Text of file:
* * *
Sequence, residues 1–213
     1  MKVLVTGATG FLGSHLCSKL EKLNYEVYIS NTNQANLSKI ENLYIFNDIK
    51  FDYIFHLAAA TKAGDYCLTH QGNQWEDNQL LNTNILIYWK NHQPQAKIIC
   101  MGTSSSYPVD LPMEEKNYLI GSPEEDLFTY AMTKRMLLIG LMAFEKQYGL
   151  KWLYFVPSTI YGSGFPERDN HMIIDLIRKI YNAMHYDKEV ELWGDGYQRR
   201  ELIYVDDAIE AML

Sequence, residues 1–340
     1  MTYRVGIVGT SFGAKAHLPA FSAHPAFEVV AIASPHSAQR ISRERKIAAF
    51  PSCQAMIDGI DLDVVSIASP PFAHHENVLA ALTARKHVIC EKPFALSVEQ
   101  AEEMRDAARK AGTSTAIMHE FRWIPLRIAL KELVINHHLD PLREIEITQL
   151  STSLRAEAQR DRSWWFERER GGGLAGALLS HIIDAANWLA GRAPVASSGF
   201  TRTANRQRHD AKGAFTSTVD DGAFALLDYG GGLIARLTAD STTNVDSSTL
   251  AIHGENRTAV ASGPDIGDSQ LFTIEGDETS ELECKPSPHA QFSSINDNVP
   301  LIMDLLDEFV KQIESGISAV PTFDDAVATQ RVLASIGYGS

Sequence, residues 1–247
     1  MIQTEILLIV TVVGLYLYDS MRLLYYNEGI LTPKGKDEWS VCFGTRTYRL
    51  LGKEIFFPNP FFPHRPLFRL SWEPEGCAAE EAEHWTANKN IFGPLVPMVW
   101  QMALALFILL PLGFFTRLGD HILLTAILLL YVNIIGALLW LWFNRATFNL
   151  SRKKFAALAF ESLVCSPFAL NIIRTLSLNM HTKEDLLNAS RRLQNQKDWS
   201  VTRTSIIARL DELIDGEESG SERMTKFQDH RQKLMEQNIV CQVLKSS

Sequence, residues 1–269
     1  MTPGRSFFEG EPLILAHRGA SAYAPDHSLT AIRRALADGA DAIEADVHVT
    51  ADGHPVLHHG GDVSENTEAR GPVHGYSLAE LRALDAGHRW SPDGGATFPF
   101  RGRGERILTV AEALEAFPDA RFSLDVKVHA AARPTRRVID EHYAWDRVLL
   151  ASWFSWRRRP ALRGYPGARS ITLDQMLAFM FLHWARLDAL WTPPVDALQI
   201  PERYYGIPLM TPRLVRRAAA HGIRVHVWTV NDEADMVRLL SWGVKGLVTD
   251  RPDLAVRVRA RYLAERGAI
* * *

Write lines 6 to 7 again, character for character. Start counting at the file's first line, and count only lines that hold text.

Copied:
   201  ELIYVDDAIE AML

Sequence, residues 1–340